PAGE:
Ancient “fish lizards” swam around in Earth’s oceans 250 million years ago, long before scientists thought they first emerged, a new study finds.
Researchers in 2014 discovered the fossilized remains of an ichthyosaur on Spitsbergen, a remote Arctic island in Norway’s Svalbard archipelago. Ichthyosaurs are an extinct, fish-like lizard whose body shape resembled that of modern dolphins and toothed whales. The remains, which consist of 11 caudal vertebrae, were trapped in a limestone boulder that dated to the early Triassic period, making the fossils the oldest remains of an ichthyosaur ever discovered and the oldest evidence of marine reptiles.
Scientists previously assumed that ichthyosaurs, along with all other marine reptiles, arose after the Permian mass extinction, also known as the “Great Die,” which occurred about 251.9 million years ago and wiped out about 90% of all life on Earth at the time. Until now, the oldest known fossils of marine reptiles belonged to smaller and less aquatic groups and dated to 249 million years ago, suggesting that marine reptiles may have emerged soon after the destructive event.
But in a new study, published March 13 in the journal Current Biology (opens in new tab)researchers argue that the size and composition of the bones of the ichthyosaur are evidence that the giant ocean predators may have surfaced before the Permian extinction event.
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It is believed that icthyosaurs and other marine reptiles descended from terrestrial reptiles that slowly transitioned into the water to fill an ecological niche left open by the disappearance of oceanic predators. As a result, the first marine reptile species were not perfectly suited to an aquatic lifestyle and likely had dense bones, less streamlined bodies, and did not grow large.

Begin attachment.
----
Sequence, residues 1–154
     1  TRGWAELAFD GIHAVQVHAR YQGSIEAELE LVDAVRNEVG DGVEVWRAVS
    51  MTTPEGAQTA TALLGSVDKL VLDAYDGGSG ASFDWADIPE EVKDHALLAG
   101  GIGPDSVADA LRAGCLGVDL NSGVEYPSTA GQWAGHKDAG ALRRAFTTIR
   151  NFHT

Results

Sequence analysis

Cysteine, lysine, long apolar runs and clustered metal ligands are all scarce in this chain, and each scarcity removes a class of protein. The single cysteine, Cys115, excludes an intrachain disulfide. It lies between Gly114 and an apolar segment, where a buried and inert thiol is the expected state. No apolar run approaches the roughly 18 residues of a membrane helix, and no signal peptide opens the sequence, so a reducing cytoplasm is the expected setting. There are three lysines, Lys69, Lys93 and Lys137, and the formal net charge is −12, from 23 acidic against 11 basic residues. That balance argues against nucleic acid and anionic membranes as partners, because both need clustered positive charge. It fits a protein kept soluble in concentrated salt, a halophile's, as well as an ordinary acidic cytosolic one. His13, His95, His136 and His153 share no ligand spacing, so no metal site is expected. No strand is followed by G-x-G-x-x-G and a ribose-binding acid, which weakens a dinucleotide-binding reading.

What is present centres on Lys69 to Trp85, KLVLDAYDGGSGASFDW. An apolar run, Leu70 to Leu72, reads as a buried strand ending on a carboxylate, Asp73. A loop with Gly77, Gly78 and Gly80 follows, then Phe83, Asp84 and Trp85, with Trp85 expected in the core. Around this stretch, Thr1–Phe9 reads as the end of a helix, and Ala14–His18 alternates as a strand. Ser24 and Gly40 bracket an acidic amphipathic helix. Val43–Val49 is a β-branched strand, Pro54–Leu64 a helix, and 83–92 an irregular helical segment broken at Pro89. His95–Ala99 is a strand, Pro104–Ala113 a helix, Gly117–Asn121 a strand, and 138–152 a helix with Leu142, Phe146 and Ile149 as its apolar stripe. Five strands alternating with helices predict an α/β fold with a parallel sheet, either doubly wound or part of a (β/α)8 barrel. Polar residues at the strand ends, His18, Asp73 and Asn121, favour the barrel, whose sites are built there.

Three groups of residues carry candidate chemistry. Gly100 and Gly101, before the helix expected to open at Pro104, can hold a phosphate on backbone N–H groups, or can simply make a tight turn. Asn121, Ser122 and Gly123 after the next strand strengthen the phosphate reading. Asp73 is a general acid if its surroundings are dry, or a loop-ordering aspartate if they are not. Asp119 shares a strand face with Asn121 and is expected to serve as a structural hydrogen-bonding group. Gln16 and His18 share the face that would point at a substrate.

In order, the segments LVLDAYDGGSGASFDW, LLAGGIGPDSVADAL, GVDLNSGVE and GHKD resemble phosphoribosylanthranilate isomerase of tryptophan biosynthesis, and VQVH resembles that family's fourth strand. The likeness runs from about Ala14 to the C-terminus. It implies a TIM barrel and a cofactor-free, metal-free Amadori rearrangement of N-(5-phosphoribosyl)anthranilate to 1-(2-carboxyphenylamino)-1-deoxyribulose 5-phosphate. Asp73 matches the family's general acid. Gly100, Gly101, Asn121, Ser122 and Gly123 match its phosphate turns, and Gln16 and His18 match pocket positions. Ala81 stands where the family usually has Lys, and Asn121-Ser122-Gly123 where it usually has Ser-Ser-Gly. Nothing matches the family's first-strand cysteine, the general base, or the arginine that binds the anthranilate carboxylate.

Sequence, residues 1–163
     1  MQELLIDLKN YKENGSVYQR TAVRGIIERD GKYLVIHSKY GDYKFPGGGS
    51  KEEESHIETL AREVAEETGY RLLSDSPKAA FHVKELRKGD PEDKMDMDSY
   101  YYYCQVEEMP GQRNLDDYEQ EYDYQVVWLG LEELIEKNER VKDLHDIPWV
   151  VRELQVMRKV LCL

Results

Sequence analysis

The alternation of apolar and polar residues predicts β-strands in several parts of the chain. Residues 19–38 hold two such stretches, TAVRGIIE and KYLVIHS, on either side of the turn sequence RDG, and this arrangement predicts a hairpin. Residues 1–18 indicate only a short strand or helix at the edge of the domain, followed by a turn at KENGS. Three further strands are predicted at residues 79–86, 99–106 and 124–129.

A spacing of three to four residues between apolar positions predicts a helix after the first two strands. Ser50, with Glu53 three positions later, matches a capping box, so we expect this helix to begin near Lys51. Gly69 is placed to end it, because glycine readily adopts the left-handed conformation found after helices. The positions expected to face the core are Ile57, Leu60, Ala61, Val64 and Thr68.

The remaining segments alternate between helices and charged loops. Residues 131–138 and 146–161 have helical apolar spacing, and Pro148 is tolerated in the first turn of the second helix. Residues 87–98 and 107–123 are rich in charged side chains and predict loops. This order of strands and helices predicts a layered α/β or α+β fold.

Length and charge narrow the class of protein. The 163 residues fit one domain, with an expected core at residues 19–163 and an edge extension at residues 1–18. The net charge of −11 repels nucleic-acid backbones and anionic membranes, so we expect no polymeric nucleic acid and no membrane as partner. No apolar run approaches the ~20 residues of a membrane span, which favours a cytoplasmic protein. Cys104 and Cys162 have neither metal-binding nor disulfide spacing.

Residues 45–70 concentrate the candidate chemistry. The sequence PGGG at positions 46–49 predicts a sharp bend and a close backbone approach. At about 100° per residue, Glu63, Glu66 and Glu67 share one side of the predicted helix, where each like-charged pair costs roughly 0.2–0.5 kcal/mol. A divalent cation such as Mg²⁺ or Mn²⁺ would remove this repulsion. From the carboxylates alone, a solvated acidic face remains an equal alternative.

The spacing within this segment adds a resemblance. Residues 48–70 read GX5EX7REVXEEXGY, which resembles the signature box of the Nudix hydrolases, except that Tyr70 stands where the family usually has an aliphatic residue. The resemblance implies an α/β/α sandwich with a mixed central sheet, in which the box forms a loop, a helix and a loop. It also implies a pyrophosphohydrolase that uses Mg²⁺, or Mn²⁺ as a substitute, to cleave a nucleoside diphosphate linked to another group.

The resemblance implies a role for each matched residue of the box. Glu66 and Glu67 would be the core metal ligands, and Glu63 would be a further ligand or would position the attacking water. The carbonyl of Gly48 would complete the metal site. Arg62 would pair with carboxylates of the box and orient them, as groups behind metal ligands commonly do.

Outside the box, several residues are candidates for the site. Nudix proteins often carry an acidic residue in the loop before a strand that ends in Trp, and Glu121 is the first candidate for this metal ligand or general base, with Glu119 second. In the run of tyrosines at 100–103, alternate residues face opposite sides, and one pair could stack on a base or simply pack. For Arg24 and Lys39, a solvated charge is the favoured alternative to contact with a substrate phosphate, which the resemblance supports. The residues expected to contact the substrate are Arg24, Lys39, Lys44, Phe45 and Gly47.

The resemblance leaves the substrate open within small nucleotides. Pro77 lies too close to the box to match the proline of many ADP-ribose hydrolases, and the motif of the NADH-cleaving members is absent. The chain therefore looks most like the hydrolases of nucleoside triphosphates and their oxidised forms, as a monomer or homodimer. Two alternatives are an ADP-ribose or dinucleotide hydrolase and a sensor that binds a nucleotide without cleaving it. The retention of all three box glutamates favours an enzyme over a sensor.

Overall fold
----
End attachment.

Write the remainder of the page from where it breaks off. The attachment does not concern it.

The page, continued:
In April 2022, researchers announced the discovery of a tooth from one of the largest ichthyosaurs to ever swim in Earth’s oceans that was probably bigger than the current record holder Shastasaurus sikanniensis, which was 21 meters long.
The vertebrae of the newly exposed ichthyosaurs are the same size as those of later ichthyosaurs, which grew to about 3 meters in length. The bones also have a spongy texture that appears to be well adapted to aquatic life. The team therefore suspects that the lineage of the ichthyosaurs likely arose before the end-Permian mass extinction, as they were unlikely to have evolved these advanced traits in the less than 2 million years after the cataclysmic event occurred. .
The results could force paleontologists to rethink what they thought they knew about the Permian mass extinction event.
“It now appears that at least some groups predate this milestone interval,” the researchers wrote in a rack (opens in new tab). Fossils of other ancient ichthyosaur ancestors and other dinosaur-era reptiles may also be waiting to be found elsewhere in the world, she added.